They left me Hungry…

So, when you’re queued up for tests involving sedation of any kind, it’s best to pick up a book you don’t care if you remember anything about. I’d read The Hunger Games back in September but had no great urge to read the sequels, but low and behold you could borrow them for free on the Kindle and I didn’t care about whether I remembered them or not. They foot the bill perfectly.

It took a grand total of three days to read the second two books, and that was around hospitals and work. So, I think I estimated that I spent five hours on each one. They were diverting and entertaining, but I think that’s about the best that can be said for them. Here’s why (SPOILERS TO FOLLOW):

Katniss is just a tool. Yes, she can be badass when she wants to. No, I would never be able to accomplish the feats of willpower and strength that she does. HOWEVER. In the second and third books she is constantly being manipulated, kept out of the loop, and is, in essence, a pawn for both sides of the revolution, regardless of the fact that District 13 keeps pretending she’s their queen. She’s not. And by the time you reach the end of the third book, she’s no longer even an active participant in anything. It’s not her who breaks down the stronghold, she just gets to watch her sister die. It’s not her who catches and kills President Snow. She’s around, but what she does makes no actual difference to the revolution. In fact, President Coin keeps trying to off her because she thinks the Mockingjay would make a better martyr than figurehead.

And so, at the end, we’re left with a broken and ineffectual girl who, when they try one more time to use her–this time as Snow’s executioner–who finally makes a difference and kills the harpy Coin instead. The one decent act Katniss was given in the entire latter half of the third book.

I spent a lot of time asking myself if I would have made different choices as a writer and what the choices that Collins made actually did for the characters and the story. In The Hunger Games, I feel like the author actually did make the best choices for story and character. Katniss, while being played by her sponsors and the government, was still and active character making a difference in her world. Collins strips this away from her towards the end of the trilogy and I found that extremely disappointing. I probably would have decided to make her the damn hero and sure as hell wouldn’t have killed her sister. The only point that had was to make her choose one boy over another and it just ended up feeling contrived.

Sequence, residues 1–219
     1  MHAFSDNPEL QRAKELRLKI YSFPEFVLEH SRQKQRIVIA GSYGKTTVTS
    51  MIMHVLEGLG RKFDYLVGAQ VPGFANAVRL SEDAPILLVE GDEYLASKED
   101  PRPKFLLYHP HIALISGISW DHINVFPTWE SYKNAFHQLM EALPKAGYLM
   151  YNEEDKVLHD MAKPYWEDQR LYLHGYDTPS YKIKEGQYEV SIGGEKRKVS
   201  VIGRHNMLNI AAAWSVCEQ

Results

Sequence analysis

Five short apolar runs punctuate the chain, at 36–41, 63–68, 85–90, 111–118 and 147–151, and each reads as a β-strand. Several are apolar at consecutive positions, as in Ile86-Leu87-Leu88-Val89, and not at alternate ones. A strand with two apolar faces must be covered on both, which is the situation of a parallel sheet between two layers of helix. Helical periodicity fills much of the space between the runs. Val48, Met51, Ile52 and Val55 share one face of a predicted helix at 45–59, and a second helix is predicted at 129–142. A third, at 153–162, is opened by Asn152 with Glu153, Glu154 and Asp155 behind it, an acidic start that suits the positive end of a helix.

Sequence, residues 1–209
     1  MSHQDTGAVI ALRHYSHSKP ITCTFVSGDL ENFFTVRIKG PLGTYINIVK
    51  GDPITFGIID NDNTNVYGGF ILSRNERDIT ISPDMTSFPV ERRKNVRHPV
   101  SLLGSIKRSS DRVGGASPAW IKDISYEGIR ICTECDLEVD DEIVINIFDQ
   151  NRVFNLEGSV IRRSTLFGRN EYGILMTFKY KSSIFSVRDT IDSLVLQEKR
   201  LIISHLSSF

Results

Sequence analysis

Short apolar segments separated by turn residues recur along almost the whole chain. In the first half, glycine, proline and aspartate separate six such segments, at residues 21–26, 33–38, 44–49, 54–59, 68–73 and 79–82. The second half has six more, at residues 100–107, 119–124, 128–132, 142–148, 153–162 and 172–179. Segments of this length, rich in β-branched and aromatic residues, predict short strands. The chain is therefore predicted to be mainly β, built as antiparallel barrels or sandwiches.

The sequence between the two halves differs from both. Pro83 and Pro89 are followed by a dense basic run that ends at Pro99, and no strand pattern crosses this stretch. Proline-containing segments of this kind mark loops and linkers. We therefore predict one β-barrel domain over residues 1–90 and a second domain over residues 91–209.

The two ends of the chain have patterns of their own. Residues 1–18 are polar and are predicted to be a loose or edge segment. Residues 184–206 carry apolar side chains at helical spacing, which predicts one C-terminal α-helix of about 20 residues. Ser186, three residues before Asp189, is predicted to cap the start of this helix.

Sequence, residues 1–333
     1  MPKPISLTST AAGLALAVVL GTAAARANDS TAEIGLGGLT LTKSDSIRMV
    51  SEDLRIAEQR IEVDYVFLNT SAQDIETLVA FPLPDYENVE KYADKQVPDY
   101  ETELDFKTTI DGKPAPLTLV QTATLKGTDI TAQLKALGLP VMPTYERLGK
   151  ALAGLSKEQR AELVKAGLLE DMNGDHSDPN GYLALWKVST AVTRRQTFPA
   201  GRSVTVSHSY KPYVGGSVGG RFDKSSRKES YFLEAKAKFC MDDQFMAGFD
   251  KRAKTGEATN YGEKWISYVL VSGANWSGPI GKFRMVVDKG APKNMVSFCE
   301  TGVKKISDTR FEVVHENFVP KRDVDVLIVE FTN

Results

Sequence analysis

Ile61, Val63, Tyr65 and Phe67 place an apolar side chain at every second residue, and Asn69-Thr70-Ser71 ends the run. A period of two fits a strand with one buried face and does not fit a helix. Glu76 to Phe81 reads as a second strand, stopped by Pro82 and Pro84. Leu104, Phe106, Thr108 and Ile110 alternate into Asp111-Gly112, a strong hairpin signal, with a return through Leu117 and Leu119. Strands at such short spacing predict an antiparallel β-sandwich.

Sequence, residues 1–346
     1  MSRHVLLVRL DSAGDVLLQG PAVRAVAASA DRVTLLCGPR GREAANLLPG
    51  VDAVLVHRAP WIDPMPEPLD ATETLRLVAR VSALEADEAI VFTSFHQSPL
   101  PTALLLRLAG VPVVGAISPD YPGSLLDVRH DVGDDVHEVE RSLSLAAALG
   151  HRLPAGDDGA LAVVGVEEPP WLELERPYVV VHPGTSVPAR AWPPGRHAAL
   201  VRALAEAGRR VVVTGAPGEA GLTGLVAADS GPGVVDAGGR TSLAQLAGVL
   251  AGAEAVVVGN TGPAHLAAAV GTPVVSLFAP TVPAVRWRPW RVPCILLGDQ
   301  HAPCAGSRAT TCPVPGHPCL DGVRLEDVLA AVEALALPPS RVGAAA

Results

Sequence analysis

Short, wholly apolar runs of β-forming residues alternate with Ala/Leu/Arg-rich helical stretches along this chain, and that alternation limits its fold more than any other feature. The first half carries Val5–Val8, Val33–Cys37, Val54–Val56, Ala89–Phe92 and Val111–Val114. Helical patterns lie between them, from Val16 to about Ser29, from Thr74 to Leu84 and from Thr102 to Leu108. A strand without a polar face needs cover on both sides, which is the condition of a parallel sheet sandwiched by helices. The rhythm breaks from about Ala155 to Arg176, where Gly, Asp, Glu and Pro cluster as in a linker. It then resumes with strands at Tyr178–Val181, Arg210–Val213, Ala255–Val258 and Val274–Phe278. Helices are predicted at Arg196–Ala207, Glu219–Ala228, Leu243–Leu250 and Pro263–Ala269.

All that being said, I will definitely make the case that I would prefer to have children reading these books over Twilight ANY day. They’re bloody and vicious, but are very well written at a sentence, paragraph, character arc, cultural enrichment level. I may dislike what Collins did with Katniss’s character, but I still think she was on to something with all of this. Maybe not quite as strong as Harry Potter, but definitely in the running for good books for young adults to read.

As for the movie? It did a pretty good job sticking to the first book, except for cutting a few unnecessary characters and having one riot too early. Otherwise, my only complaint was that Peeta wasn’t hot enough. Especially if she ends up choosing him in the end…

A sign at a theater saying, "Due to limited ticket availability, guests will be chosen at random to fight to the death in our area."

Dragon Tattoo Book vs. Movie vs. Movie

A phenomenon swept the nation a while ago–a fascination with the works of Stieg Larsson in the form of a spunky young woman named Elsbeth and Mikael Blomkvist, a journalist and researcher. Now, I avoided them for a long time because they just didn’t sound like my cup of tea. I finally gave in and read the first two pretty much only for market research (and only because someone lent them to me in paperback and I had a holiday weekend with nothing better to do).

While the plot itself is interesting and engaging, the book is a soap opera with a lot of extraneous details and characters that Larsson could very well do away with and halve the length of the book to no ill effect. But his characters are well rounded and engaging and the plot well structured. So, all in all, and enjoyable diversion but not enough so for me to actually track down the third book.

And then something interesting happened. Because it was a book published originally in Sweden, they actually got first crack at a movie adaptation. Once it had migrated over here and I could get a copy that had been dubbed (Netflix instant play totally failed me on that end), I happily sat down to watch. Of course, it had been a while since I had read the books and so I had forgotten just how violent and disturbing certain rape scenes were.